Venn diagrams and Euler circles have long been used as a means of expressing relationships among sets using visual metaphors such as ‘disjointness’ and ‘containment’ of topological contours. Although the notation is effective in delivering a clear visual representation of set theoretical relationships, it does not scale well. The topology of Venn diagrams of four or more contours is so cluttered that it becomes impractical to use it to visualize set relationships. In this work, we study ‘projection contours’, a new means for presenting sets intersections, which is designed to reduce the clutter in such diagrams. Informally, a projected contour is a contour which describes a set of elements limited to a certain context. The challenge in introducing this notation is in producing precise and consistent semantics for the general case, including a diagram comprising several, possibly interacting projections, which might even be of the same base set. The semantics investigated here assigns a ‘positive’ meaning to a projection, i.e. based on the list of contours with which it interacts, where contours disjoint to it do not change its semantics. This semantics is produced by a novel Gaussian-like elimination process for solving set equations. In dealing with multiple projections of the same base set, we introduce yet another extension to Venn–Euler diagrams in which the same set can be described by multiple contours. This extension is of independent interest as a powerful means for reducing the clutter in Venn–Euler diagrams.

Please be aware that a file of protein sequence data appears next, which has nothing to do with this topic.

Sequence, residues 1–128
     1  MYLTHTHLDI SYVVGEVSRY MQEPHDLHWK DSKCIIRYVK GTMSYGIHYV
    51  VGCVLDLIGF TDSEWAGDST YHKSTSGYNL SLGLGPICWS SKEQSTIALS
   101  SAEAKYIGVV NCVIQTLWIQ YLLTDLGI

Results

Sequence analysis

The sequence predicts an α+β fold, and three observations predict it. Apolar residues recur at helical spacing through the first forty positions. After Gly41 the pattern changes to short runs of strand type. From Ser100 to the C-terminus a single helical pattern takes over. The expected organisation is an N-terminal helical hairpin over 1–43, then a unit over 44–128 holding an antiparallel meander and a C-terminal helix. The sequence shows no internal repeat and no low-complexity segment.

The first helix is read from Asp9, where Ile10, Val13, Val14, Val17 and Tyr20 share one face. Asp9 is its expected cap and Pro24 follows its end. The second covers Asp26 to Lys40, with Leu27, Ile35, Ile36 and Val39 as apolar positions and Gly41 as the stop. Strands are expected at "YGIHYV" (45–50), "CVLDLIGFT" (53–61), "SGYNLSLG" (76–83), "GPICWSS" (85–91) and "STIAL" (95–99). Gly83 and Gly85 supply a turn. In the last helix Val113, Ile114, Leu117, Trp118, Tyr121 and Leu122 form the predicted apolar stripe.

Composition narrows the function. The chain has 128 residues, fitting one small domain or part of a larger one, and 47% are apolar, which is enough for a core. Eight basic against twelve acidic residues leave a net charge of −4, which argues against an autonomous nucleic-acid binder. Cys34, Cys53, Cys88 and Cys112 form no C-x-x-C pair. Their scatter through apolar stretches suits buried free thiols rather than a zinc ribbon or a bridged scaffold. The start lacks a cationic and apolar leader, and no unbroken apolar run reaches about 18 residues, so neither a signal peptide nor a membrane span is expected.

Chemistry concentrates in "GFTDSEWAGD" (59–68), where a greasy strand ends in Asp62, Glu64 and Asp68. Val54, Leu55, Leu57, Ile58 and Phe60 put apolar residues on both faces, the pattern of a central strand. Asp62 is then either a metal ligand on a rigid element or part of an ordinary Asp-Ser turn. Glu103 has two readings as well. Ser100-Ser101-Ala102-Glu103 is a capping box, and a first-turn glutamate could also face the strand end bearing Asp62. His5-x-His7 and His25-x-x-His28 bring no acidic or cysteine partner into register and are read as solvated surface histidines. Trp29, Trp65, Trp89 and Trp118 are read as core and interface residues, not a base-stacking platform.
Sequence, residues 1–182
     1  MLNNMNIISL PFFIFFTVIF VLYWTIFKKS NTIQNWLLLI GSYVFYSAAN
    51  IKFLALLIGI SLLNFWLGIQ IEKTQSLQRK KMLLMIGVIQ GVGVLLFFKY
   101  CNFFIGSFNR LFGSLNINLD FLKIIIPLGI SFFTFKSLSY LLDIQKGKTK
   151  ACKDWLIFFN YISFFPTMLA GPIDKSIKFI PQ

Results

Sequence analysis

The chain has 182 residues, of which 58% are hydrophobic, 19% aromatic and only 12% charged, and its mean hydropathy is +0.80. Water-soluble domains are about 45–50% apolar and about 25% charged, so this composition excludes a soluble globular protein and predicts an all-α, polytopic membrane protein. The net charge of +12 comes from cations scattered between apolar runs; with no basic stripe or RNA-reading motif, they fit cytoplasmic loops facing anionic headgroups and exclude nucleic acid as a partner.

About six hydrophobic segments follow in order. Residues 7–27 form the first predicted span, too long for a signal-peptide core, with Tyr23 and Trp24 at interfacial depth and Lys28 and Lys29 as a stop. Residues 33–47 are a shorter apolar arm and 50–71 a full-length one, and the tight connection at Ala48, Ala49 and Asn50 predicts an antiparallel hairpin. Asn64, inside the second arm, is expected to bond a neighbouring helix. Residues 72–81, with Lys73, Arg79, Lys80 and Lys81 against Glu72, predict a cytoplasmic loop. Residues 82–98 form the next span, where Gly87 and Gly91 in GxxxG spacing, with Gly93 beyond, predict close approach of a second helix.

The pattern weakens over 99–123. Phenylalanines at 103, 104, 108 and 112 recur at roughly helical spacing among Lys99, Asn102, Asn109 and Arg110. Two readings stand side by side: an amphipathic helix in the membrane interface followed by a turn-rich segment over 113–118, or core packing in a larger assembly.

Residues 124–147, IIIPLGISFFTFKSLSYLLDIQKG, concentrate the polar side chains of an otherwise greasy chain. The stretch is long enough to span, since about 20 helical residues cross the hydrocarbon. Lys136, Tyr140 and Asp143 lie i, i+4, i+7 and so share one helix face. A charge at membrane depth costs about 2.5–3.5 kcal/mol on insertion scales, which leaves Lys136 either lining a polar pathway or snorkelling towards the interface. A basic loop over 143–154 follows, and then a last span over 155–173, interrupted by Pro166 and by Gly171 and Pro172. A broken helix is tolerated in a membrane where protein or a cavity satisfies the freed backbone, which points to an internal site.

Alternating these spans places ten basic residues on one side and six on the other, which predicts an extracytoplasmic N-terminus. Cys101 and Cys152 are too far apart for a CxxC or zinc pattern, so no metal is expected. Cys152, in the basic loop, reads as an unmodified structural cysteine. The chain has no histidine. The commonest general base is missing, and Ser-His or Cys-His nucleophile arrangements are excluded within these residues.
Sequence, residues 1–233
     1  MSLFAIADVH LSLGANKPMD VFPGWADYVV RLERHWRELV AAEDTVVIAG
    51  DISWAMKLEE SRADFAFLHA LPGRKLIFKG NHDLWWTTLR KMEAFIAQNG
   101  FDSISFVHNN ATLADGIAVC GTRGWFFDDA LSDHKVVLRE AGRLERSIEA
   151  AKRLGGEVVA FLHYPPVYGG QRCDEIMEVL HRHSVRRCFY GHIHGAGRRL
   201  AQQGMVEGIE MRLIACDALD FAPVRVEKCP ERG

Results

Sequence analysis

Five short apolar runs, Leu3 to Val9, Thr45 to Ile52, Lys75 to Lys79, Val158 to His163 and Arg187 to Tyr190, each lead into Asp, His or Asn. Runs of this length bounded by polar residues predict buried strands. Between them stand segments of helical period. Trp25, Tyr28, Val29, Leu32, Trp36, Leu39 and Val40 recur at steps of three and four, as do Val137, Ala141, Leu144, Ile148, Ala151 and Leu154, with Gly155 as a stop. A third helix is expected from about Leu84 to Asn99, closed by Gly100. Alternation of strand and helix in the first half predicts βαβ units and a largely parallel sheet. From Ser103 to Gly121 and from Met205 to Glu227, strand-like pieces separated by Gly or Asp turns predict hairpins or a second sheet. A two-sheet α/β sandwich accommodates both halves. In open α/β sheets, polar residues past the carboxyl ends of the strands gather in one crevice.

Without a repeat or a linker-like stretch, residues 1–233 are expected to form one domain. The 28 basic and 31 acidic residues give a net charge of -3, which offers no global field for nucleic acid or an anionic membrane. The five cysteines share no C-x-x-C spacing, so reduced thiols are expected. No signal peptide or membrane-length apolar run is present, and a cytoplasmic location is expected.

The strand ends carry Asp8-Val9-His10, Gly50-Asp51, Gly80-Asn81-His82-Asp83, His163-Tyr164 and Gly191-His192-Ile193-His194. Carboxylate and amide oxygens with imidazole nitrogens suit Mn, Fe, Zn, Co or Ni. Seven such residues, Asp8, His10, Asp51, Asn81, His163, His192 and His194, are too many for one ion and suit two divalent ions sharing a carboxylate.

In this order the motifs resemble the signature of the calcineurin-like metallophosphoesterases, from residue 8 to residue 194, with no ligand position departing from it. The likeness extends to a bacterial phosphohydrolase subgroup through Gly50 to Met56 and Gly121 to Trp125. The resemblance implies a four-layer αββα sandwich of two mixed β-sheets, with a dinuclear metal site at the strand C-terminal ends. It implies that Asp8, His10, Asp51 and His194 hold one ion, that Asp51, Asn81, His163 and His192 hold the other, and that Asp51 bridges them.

- Visual formalism
- Diagrammatic notations.